This particular challenge is how do your first time callers feel and what might we do better to convert them into a customer?
Here’s a recent experience I had that might be a good example for you to get an idea how a prospect might feel. I was at a large horse fair trying to learn more about what feed to use for my horses. (I have only had horses three years and still find feeding them properly is complicated.)
I stopped at a booth that I thought would be the answer. I found myself tongue tied at how to start the conversation. (This is where a good salesperson or representative could have been a great help.) I was so unsure what to ask first that I almost left the booth.
Tip one: some prospects will not try very hard to get information.
The real question in my heart that I could not verbalize was, “How do I find out about horse feeding options and more importantly, is this the right feed for my horses?”
That is when it hit me! So that’s how our prospects might feel when they call our studios! They do not know how to say, “how do I select a photographer and are you the right photographer for me?”
So naturally our prospects start with “how much does it cost?” This question right out of the shoot makes most of us cringe. Most of us are unprepared on how to handle this smoothly.
We all know that cost is really irreverent when it is a product we want or need (within reason of course). Look at all the money you spend on your hobby. Answering the question of cost does not have to be the first topic addressed.
Tip two: help your prospect get the information they really need.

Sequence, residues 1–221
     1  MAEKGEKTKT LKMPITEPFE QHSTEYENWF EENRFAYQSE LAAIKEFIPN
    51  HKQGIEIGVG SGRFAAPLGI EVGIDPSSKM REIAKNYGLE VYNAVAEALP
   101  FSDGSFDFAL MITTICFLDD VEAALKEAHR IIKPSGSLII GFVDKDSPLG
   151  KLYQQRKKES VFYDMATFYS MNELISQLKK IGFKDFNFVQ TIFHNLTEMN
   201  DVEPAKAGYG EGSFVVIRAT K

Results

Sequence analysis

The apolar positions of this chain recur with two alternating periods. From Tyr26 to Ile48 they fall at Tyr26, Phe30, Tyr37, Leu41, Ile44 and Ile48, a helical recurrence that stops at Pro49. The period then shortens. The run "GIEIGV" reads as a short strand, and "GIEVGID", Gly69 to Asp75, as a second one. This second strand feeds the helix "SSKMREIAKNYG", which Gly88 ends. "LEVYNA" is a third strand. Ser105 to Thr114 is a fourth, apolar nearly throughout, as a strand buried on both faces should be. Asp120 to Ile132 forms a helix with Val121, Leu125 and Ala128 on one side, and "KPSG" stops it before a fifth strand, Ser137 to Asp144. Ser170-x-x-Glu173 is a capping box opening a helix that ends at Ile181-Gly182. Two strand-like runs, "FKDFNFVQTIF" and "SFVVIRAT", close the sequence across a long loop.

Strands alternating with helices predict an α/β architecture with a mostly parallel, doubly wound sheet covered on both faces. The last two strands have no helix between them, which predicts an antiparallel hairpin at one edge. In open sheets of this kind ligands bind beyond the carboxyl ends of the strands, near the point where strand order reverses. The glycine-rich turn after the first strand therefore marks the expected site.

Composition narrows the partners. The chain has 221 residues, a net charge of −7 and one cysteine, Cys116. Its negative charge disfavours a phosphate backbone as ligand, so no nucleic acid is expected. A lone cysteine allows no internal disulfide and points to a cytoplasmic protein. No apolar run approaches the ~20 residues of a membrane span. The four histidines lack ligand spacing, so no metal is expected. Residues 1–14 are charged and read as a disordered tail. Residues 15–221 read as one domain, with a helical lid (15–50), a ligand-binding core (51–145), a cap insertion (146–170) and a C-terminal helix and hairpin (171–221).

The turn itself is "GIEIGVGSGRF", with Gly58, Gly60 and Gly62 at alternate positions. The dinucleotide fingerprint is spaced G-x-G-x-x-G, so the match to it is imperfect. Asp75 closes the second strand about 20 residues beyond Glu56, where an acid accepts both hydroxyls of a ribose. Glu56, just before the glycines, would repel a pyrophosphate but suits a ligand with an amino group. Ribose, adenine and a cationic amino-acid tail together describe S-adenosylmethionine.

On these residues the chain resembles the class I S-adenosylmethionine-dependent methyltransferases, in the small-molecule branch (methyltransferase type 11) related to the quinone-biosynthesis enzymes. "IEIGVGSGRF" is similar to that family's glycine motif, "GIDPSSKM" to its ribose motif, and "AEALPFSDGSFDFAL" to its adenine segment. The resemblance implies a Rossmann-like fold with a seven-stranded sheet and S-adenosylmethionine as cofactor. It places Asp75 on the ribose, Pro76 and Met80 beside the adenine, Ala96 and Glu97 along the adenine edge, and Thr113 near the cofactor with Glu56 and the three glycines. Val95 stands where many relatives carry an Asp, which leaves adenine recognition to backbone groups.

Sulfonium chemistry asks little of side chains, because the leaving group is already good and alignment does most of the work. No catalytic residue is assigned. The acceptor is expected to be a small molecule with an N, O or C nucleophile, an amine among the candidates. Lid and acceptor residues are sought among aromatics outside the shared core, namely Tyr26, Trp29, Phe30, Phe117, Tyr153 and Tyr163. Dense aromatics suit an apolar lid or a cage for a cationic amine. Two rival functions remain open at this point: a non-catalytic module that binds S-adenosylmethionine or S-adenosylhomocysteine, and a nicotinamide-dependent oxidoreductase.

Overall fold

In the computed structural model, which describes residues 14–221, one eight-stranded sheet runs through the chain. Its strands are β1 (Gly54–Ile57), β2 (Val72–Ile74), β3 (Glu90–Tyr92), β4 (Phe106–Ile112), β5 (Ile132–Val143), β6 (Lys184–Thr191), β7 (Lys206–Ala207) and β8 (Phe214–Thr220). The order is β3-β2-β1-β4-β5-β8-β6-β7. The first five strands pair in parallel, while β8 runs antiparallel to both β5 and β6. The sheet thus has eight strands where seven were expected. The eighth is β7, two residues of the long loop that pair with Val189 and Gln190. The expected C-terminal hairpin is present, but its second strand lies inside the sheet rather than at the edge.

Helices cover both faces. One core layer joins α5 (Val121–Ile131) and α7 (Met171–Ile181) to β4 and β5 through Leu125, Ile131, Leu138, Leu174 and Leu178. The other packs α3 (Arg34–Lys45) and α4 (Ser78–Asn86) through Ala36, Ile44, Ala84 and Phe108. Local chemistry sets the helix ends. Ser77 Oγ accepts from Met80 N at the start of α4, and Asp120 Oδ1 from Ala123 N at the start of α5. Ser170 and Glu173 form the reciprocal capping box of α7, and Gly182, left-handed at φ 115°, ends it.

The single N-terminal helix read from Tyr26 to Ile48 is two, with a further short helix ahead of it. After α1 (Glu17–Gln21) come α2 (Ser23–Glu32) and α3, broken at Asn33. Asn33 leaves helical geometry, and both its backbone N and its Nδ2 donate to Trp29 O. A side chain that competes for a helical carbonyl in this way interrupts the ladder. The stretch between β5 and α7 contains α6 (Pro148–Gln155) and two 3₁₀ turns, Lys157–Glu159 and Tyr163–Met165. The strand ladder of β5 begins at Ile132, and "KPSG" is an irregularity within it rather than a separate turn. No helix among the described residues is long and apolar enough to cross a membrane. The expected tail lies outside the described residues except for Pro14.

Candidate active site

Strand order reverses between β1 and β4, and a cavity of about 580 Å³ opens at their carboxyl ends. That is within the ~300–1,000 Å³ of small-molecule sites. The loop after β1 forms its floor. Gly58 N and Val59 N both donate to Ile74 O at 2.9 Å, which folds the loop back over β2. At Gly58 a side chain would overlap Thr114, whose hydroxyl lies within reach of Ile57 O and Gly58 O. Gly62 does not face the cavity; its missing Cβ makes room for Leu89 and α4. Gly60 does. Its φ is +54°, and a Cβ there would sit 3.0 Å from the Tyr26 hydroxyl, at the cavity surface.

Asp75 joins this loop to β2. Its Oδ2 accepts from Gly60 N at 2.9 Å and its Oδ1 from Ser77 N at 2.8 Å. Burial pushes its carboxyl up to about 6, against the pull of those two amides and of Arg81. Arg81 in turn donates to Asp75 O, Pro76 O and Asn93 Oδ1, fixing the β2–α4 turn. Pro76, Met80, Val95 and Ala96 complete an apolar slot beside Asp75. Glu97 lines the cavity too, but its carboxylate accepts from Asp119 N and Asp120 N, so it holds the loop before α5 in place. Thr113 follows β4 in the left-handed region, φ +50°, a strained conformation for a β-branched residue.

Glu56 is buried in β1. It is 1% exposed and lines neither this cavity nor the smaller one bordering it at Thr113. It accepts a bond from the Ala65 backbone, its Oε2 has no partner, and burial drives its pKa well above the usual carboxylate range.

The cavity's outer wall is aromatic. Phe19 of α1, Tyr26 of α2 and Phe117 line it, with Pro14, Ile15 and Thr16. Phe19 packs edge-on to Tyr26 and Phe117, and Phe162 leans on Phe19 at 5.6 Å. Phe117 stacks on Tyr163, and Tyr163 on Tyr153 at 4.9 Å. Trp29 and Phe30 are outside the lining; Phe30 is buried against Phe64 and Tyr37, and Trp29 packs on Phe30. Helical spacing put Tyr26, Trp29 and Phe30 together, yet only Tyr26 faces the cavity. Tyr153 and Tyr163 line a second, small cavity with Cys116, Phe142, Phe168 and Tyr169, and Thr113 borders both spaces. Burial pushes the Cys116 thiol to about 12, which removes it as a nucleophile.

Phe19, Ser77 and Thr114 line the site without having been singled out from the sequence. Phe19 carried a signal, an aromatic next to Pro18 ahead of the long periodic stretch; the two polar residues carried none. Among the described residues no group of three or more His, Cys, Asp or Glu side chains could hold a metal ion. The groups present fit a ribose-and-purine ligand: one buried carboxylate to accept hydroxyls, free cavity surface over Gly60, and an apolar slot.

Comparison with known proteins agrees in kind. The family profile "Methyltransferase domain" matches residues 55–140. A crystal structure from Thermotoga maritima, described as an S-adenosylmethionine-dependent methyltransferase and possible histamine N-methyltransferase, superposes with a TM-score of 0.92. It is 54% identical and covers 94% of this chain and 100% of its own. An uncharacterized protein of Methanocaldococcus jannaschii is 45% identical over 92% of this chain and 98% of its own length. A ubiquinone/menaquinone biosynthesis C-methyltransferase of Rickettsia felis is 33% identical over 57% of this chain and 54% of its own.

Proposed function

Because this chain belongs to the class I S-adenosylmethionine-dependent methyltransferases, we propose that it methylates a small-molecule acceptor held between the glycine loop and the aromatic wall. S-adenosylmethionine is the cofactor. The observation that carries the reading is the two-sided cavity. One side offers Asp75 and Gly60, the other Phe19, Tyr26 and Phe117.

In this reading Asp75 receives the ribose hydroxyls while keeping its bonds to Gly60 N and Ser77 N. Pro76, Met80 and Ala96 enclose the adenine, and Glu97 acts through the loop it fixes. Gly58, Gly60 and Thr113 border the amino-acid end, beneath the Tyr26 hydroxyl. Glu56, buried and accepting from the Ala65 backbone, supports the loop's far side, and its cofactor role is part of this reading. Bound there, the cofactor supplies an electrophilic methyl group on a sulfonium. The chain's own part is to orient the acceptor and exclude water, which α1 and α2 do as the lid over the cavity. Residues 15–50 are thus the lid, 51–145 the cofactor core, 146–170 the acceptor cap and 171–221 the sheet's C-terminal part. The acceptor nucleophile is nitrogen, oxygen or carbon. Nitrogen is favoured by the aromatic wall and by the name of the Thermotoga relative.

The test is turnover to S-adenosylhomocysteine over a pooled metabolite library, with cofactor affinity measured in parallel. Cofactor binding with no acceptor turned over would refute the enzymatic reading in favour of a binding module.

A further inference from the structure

I was not going to start the process of learning about horse feed by asking the price first. Not only is that not my mindset, it would not tell me what I really needed to know. Your customers could be the same way.
So I, the introvert, struggled and felt weird until the other man in the booth, the nutritionist, took over the conversation from the untrained salesman who did not know how to interact with new people.
Tip three: learn how to interact with new people especially if they are more introverted and need a little help expressing themselves. Be careful who you put on the phone when new prospects call for information. An untrained person can loose many sales for you.
Once the nutritionist was helping me, things went great. He was friendly, an expert, and only looked at me while he talked. He did not try to get to the next person in the booth until he felt that I was completely done and understood on his product.
Tip four: pay attention to your prospect and listen carefully. You will have plenty of time to make suggestions and influence the sale later.
It made more sense for me to purchase feed in my local area. The nutritionist made sure I knew where to go and what type of feed I needed to get. He gave me his card in case I had any additional questions.
Tip five: be helpful and invite them to continue the conversation later if necessary.
So, next we need to talk about how you specifically apply this experience to your studio. We’ll talk about that next week, come join me. Meanwhile, I encourage you to pay closer attention to interactions you have while you shop and see what you can learn.
(c) 2012 Barb Gordon Photo Coach